Once on the red planet, John discovers he can leap tall building in a single bound and has the strength of several earthmen. That helps when confronted by the Tharks, a vicious race of six limbed green Martians. John earns his way into their tribe and gains the respect of Tars Tarkas and Sola, a female assigned to watch after him. Before arriving into the kingdom of Thark, the green men capture the Princess of Helium, Dejah Thoris. With plans to turn her over to their leader Tal Hajus, John attempts to rescue the princess whose he has fallen for. But before happiness can be found, there is escapes, an arena of death and an arranged marriage to prevent in order to be together.

I'll say it now. A Princess of Mars is one of my favorite novels of all time. A combination of adventure and romance it was a welcome find when I was 12 years old when space fantasy was confined to the first Star Wars trilogy. Obviously if you are reading this site you must either love the book and series as much as I do or just wanted to know more about it. Hopefully Andrew Stanton and his team can do the same justice that Peter Jackson did to The Lord of the Rings.

Some thoughts and ideas

--First up the copy I read is the Penguin Classics series version, which uses a piece of comic art from the Marvel series. As typical for a lot of art it portrays Dejah Thoris as a scantly clad white woman in chains. No wonder so many were up in arms at Stanton's comment that the film will be rated PG-13. No hot babes in chains.

--Also included in this copy was an essay by Penguin editor John Seelye. Among his comments there is notable comparisons of Burroughs' Mars to HG Wells' Martian invaders, its influence on Star Wars and Superman and his comment that we have our own John Carter on the big screen, a man named Harrison.

--From the prologue credited to John Carter's nephew Edgar Rice Burroughs "our slaves fairly worshipped the ground he walked on." I doubt that will appear in a Disney production.

--Some discussion has popped up about who Thomas Haden Church who has been rumored to be attached to the film will play. Some have suggested casting him as Powell. Considering he's dead 3 pages in and has no dialogue that would seem a waste of his talent.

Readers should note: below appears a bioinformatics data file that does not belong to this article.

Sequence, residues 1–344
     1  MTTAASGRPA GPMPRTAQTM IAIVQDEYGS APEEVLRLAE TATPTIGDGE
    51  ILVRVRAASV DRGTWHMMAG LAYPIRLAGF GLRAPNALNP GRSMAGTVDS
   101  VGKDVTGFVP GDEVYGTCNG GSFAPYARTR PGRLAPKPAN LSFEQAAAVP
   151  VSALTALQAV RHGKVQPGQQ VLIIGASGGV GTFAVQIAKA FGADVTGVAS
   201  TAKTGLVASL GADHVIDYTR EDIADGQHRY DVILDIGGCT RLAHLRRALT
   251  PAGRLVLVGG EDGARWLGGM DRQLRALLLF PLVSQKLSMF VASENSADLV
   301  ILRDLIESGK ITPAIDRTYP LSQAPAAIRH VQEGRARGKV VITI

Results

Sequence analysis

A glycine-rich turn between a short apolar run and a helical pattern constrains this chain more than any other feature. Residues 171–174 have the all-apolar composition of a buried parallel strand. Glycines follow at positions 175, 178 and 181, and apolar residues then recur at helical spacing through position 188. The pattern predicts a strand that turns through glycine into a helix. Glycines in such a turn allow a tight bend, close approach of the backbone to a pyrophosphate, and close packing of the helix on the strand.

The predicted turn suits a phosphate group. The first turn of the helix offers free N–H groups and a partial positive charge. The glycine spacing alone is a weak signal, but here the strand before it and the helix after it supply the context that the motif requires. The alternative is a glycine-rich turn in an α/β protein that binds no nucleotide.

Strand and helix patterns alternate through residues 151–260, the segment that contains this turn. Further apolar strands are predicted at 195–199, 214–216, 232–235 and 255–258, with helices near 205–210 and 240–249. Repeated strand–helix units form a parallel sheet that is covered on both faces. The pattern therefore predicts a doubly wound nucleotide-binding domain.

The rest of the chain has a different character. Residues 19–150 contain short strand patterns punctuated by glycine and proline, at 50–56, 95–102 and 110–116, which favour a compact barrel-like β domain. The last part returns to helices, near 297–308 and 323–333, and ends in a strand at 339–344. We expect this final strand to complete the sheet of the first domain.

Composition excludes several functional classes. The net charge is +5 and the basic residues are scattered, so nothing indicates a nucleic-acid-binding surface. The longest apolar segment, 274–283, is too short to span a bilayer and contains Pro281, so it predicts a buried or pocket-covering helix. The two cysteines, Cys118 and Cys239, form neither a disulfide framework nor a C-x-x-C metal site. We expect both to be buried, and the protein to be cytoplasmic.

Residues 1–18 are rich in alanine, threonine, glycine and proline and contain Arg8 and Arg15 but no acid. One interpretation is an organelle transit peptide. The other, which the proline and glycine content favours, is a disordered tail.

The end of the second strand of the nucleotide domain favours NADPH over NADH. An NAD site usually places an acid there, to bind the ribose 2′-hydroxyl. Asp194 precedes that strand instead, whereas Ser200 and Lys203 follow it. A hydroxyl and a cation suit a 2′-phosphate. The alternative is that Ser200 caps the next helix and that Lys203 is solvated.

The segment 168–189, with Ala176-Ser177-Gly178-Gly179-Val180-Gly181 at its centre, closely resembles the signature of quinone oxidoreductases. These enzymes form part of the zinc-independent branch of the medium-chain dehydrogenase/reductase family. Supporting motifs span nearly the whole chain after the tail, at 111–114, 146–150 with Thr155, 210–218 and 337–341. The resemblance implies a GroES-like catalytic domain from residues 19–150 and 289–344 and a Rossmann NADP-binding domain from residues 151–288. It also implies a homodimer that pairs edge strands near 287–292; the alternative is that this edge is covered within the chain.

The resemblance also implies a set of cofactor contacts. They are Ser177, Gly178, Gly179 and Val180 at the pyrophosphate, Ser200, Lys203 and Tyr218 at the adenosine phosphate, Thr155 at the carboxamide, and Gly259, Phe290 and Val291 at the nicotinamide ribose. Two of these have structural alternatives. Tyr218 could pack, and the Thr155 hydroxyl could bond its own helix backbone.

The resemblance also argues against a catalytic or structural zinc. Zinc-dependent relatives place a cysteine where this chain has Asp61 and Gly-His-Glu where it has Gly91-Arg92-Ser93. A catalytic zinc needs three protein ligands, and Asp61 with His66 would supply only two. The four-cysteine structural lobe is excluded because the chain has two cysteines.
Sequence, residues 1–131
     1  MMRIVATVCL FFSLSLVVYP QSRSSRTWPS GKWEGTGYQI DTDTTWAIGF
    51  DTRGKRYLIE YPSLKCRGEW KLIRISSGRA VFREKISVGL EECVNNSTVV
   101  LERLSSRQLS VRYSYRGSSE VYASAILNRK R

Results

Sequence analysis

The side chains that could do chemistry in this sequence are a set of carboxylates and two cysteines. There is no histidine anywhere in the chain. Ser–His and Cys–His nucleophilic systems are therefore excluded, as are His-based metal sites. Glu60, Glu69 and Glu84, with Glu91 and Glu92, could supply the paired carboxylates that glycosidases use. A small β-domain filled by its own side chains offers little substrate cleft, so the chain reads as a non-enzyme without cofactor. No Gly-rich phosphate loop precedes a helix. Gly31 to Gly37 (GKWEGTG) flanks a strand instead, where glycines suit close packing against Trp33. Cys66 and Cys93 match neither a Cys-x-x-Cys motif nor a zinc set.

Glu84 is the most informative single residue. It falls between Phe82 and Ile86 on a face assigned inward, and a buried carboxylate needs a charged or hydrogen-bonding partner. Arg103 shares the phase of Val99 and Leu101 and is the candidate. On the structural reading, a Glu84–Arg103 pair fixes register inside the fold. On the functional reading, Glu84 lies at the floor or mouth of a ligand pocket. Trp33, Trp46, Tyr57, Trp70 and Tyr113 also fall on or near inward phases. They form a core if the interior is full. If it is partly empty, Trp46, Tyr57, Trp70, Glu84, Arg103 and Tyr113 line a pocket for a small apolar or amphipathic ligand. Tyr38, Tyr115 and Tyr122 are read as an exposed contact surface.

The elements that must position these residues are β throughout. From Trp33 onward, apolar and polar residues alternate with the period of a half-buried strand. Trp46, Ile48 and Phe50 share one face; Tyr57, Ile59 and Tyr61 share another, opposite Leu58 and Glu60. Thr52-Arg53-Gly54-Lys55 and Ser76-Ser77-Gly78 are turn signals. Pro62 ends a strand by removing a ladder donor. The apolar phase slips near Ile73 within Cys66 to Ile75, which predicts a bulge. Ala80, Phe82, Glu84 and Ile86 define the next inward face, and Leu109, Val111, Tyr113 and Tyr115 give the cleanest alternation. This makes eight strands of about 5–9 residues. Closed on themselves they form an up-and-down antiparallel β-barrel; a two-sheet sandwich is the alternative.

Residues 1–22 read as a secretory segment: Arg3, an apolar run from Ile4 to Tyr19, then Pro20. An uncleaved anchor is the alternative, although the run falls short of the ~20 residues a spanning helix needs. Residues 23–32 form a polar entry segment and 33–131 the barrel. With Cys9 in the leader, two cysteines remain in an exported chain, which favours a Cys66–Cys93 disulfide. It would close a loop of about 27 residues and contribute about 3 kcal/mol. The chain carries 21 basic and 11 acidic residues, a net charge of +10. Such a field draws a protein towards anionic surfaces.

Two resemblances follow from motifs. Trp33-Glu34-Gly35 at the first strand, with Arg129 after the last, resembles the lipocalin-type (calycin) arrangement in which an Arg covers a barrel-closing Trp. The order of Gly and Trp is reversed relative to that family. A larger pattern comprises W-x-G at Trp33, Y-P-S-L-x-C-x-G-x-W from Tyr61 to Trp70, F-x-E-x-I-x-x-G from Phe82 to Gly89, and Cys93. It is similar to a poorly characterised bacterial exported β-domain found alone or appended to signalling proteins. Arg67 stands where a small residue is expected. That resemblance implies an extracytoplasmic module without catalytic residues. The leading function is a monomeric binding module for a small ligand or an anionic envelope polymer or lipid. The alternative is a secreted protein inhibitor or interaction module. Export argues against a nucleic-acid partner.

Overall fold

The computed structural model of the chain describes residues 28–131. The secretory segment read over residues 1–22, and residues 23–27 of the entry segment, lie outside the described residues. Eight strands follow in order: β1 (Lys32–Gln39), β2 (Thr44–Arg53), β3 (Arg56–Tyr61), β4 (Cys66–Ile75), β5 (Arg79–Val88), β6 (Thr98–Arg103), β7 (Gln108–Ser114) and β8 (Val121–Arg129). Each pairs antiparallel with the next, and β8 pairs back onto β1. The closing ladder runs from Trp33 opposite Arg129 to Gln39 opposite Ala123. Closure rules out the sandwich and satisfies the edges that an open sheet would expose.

--As stated on page 10, "I stood but naked as at the minute of my birth." Yep John Carter arrives on Mars starkers. The question is will he show up in the movie that way or wearing his bvds or fully clothed. I know a bunch of Friday Night Lights fans will show up just to see Riggins' Riggin if they read that.

--He can leap tall buildings...I wonder if ERB ever joined the list of other writers and publishers who dragged DC and Siegel and Schuster to court for copyright infringment.

--A complaint about his female characters is that they are weak or just objects to be objectified or won as spoils of war. While it's true Dejah Thoris is no Ellen Ripley she isn't like the heroines portrayed in Robert Howard's Conan stories or other pulp stores. She delivers a rousing speech hoping to convince the Tharks to join her people to save the planet. Plus Sola is a strong character and Burroughs even has a villian Sarkoja who would love to seen torn apart as Tars Tarkas vows at one point towards the end.

--The one real sexual event of the novel is Tal Hajus' threat to have his way with Dejah before returning her body to Helium. That's it you pervs.

--At one point John Carter learns about the birth cycle of Barsoom. Its not many men who can say they fallen in love with a woman who was hatched.

--Woola stuffed dolls. Coming soon to the nearest Disney Store.

--Tusk to the groin and the bloody aftermath. Again I doubt that will show up in a Mouse House flick.

--Is it just me or does Than Kosis sound like some medical condition.

--How many things did George Lucas borrow from this. We have Jeddaks, Padwars, John Carter's ability to avoid having his thoughts read (a la the Force has a strong influence on the weak minded) and even at one point Dejah's ability to avoid mind reading. In an earlier version of Star Wars Princess Leia was supposed to be able to do this.

Rating: **** out of 4

Dejah Thoris Sideshow Statue Revealed

Some Barsoom news from San Diego Comic-Con for you guys. Sideshow Collectibles has released first images of a Dejah Thoris statue for fan...